When Did People Begin To Write?
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Historians estimate that writing (the visible recording of language peculiar to the human species) began around 6,000 B.C. It is believed that writing developed independently in areas of Egypt, Mesopotamia, China, and among the Mayans of South America. The most ancient form of writing was cuneiform, wedge-shaped marks made on clay tablets. It was developed around 4000 B.C. by the Sumerians, a non-Semitic (non-Hebrew) people of unknown origins. A limestone tablet with cuneiform writing was found in the valley between the Tigris and Euphrates rivers (a region of present-day Iraq where the Sumerians lived) and has helped historians trace back the origins of writing. Cuneiform pictographs closely resemble Egyptian hieroglyphics, which was an extensive writing system using pictures developed by Egyptian priests around 3110 B.C. Both cuneiform and hieroglyphics were predecessors to the modern alphabet.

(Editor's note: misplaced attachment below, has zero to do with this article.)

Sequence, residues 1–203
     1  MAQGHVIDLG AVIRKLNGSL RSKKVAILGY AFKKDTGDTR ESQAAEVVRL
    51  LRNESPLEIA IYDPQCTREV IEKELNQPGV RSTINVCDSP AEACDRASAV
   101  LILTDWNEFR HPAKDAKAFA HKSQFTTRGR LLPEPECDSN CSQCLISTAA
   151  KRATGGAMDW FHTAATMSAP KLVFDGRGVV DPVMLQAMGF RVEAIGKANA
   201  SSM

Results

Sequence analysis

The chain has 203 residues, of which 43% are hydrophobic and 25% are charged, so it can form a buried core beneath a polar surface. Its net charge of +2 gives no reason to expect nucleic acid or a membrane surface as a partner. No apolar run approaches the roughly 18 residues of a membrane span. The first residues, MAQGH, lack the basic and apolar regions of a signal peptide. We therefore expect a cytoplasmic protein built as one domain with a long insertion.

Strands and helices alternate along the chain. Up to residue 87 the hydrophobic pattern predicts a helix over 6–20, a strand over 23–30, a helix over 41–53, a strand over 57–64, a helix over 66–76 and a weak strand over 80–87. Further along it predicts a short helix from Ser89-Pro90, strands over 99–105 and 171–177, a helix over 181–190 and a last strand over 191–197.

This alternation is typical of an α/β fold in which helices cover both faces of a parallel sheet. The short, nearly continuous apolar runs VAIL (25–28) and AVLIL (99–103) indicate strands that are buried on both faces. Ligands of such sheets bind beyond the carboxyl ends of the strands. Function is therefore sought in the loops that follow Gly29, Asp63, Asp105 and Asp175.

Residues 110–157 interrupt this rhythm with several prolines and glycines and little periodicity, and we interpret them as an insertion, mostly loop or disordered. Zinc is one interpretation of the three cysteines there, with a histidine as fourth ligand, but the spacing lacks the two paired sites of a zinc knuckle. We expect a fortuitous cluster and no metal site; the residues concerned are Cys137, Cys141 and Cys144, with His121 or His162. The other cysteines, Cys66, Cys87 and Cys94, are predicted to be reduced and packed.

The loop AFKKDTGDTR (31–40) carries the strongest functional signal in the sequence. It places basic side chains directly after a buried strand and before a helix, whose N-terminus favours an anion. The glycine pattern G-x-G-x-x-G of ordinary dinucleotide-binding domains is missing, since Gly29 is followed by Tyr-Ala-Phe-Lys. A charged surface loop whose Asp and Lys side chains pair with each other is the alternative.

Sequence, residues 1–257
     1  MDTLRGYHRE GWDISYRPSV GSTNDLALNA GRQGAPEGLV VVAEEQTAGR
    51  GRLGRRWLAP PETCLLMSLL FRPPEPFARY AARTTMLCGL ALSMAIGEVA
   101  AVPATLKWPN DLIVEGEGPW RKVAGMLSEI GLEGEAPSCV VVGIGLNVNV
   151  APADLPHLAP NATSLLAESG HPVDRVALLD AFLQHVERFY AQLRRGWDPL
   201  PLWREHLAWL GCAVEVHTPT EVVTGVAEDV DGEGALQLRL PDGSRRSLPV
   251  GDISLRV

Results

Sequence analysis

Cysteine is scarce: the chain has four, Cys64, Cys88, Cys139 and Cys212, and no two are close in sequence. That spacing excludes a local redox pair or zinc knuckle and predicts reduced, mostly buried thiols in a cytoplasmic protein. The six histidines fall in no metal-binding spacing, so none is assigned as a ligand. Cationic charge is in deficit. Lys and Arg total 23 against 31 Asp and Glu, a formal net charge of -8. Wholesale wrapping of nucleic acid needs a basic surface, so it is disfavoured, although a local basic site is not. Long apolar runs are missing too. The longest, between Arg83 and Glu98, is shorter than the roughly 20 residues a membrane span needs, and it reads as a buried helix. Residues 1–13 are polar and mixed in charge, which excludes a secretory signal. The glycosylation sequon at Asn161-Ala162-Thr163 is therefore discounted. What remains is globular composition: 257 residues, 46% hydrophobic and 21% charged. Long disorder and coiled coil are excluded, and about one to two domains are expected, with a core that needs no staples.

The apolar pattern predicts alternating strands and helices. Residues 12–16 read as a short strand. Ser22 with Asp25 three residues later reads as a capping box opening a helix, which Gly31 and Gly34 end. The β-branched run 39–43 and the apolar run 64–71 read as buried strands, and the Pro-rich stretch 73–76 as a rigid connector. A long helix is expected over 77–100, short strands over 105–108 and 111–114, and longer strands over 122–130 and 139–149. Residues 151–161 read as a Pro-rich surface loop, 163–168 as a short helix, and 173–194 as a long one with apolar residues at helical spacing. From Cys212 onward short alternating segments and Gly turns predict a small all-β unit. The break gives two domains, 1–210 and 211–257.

Further Information: uneiform. [Online] Available www.cc.emory.edu/CARLOS/ODYSSEY/NEAREAST/cunef.html, October 23, 2000; Harris, Roy. The Origin of Writing. LaSalle, Ill.: Open Court, 1986; Ober, J. H. Writing: Man's Greatest Invention. Baltimore, Md.: Peabody Institute, 1965; "Prehistoric writing found in Egypt." UFO Roundup. [Online] Available http://ufoinfo.com/roundup/V03/rnd03_52.html, October 23, 2000.
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